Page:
There's nothing wrong with asking for a raise, especially if you do your job well. However, it's important for your financial future that you take things seriously when it comes to asking for a raise. Don't just walk right into the boss's office and ask for more money. Instead, read these tips first to give yourself a better shot at snagging a bigger paycheck.
Build Your Case
One of the first things you should do when you plan to ask for a raise is to sit down and think about your accomplishments at work. List off any awards you've been given, accounts you've landed or sales you've made since your last raise. Are you the first one in and the last one to leave at your office? Have you made yourself available outside of normal work hours when necessary? Think of any situation where you've gone above and beyond for work. Make a point to remember these things so that you can include them in the conversation once you go to ask for a raise.
Get A Salary Survey
Many companies like to gauge what others in the field are making before giving out raises. That's why it's helpful to use a salary survey to determine how much of a raise you should ask for. These surveys use information about an employee's experience, credentials and responsibilities to determine what people in similar positions in the same geographical area are currently making. There are numerous websites which can help you do this or you can hire someone with more experience to do it for you (human resources professionals are a great resource if you want to learn more).
Check Out Your Company's Budget
Do you know if your employer can afford to give you a raise right now? If possible, get your hands on the budget to see if there are any extra resources which could provide the kind of raise you want. In some cases, it's better to wait a few months until more money is available. The same goes for layoffs – if you company is currently letting some employees go, it's probably a bad time to ask for more money. When your employer isn't feeling as strapped for cash, she may be more willing to consider that raise you want.
Plan Your Pitch
Once you've done your homework and looked at your own work history and the company financials, it's time to create a pitch that you can give your boss. You won't want to talk for more than a few minutes, but you do want to give yourself plenty of time to cover the necessary information. The pitch should focus on two things – your personal performance at work and the market data that proves your value in your chosen field. Basically, you want to show your boss why you're an asset to the team and explain why you deserve more for the work you do.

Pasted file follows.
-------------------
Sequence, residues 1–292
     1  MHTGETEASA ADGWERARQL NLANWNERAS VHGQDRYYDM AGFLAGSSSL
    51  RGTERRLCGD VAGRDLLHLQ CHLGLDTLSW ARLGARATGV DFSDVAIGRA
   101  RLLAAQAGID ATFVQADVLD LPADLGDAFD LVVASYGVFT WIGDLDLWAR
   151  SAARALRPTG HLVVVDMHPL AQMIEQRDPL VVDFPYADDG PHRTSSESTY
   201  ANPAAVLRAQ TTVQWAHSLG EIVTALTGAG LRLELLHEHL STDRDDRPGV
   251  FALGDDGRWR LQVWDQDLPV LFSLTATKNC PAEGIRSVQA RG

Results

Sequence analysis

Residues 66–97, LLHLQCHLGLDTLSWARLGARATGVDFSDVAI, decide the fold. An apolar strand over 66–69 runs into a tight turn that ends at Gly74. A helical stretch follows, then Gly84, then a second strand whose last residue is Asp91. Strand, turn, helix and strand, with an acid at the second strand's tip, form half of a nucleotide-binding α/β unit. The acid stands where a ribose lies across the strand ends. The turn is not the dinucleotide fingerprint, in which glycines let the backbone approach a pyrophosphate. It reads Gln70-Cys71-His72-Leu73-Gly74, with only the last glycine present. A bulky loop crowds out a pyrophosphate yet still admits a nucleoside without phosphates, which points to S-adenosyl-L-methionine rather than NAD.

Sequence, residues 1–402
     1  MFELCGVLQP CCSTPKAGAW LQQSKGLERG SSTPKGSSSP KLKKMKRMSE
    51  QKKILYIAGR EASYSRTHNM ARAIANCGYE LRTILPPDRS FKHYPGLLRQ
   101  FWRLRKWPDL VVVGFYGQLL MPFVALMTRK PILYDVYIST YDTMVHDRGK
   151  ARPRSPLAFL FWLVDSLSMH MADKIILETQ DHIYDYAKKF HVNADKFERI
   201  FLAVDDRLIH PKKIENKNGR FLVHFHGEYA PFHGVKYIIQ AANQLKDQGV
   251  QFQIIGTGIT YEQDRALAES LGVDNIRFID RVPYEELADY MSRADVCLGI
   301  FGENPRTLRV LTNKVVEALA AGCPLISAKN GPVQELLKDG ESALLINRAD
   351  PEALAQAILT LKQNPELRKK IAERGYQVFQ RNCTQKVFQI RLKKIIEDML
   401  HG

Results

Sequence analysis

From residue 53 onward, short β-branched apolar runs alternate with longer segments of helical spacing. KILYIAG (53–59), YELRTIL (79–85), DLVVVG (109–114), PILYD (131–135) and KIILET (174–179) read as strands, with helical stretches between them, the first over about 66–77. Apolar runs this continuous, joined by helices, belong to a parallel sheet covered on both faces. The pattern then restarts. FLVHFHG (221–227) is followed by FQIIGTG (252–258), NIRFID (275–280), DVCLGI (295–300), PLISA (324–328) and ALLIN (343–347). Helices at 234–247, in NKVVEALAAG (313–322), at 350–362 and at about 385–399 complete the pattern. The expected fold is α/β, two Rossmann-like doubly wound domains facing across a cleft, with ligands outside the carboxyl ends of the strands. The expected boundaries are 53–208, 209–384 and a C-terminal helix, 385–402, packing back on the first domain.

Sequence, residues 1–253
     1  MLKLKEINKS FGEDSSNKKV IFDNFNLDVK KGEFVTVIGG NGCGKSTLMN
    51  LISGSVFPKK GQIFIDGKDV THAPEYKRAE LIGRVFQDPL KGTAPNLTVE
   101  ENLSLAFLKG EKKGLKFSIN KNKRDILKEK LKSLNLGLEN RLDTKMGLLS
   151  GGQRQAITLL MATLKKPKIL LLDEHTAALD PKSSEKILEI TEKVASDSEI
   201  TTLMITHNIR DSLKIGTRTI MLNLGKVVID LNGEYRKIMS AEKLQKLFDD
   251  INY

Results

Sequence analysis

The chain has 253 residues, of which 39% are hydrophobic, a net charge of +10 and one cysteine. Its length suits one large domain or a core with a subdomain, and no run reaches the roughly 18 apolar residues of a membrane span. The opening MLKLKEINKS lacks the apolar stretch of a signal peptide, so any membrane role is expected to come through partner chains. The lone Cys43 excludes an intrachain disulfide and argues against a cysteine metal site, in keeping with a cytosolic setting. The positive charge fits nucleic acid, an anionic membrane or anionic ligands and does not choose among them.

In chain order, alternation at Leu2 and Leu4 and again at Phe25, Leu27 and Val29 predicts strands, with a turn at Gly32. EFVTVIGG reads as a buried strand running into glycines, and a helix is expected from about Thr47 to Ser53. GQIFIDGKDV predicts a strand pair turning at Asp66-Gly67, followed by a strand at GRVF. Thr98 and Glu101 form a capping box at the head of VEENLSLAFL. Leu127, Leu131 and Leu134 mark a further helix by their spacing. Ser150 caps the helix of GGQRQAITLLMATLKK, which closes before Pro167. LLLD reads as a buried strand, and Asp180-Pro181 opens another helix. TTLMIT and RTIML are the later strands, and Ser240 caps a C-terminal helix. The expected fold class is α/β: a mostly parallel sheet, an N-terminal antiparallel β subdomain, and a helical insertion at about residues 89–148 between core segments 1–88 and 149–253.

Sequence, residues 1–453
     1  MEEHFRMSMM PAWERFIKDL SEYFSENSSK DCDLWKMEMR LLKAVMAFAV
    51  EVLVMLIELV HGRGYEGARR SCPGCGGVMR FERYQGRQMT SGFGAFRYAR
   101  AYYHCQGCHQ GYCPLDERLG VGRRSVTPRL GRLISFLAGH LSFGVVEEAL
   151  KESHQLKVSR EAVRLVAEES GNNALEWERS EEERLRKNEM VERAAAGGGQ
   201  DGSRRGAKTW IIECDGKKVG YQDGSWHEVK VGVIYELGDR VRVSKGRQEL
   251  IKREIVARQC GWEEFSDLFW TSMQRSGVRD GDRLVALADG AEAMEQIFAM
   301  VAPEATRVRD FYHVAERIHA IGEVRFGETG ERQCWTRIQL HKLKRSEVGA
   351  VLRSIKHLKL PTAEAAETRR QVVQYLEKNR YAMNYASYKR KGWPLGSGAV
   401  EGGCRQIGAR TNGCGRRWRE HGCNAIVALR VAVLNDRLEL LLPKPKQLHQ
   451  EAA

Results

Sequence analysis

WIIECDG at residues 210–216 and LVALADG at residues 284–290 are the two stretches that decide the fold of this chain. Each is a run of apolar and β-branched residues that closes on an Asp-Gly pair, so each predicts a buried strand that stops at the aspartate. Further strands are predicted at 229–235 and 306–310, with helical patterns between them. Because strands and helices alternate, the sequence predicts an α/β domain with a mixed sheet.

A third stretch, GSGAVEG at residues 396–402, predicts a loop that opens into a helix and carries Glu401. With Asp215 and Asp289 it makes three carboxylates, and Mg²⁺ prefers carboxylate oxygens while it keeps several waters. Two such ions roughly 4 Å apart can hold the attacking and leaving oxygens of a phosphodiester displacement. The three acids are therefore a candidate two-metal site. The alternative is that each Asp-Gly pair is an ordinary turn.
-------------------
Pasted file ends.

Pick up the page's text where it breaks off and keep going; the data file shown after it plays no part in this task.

Make An Appointment
When you're ready to talk with your boss, make sure to set up a time in advance where you can discuss the matter. Communicating via email to set up the meeting is usually fine, depending on your office culture. Setting up a meeting will signal to your boss that this is something that requires his full attention – this isn't the type of issue that you should casually knock on his office door about. Plus, it'll limit the chances of you walking in at a bad time or getting interrupted during your meeting.
Providing specific numbers is critical for making it clear to your boss what you're worth when giving your pitch. There are two parts to this step. First, use specific numbers and statistics regarding your work. For example, it's better to tell your boss that you've increased sales by 8 percent in the last quarter alone rather than simply saying you've increased sales. Second, you need to be specific about what kind of a raise you want. If you give your boss a number to work with, it's easier than just walking in and saying you want more money. Instead of saying “I'd like a raise,” say “Based on my work, I believe I deserve a 5 percent raise.”
Prepare To Negotiate
You may not get the first number you ask for. In fact, you may not get a number at all. Maybe your employer will try to offer you other benefits instead, like more vacation days or the option to work from home once a week. Basically, you may want to ask for just slightly more than what you think you could get so that if your boss does bring down the number, you'd be happier with your results. Also, think about what other benefits are worth to you as opposed to a bigger paycheck.
Don't Give Up
If your boss says no, that doesn't mean that the raise won't ever come. Instead of walking away, ask what you need to do to get that raise. If your boss is vague, ask her to be more specific. If you get the feeling that a raise isn't in the near future, start looking for another job where you'll have options to move up in the company, at least salary-wise.
Asking for a raise can be intimidating, especially if you've never done it before. But if you do deserve one based on your work performance and the market value of your job, there's no reason to hesitate. The bottom line is that if you use the tips listed above, you'll put yourself in the best position to get the raise.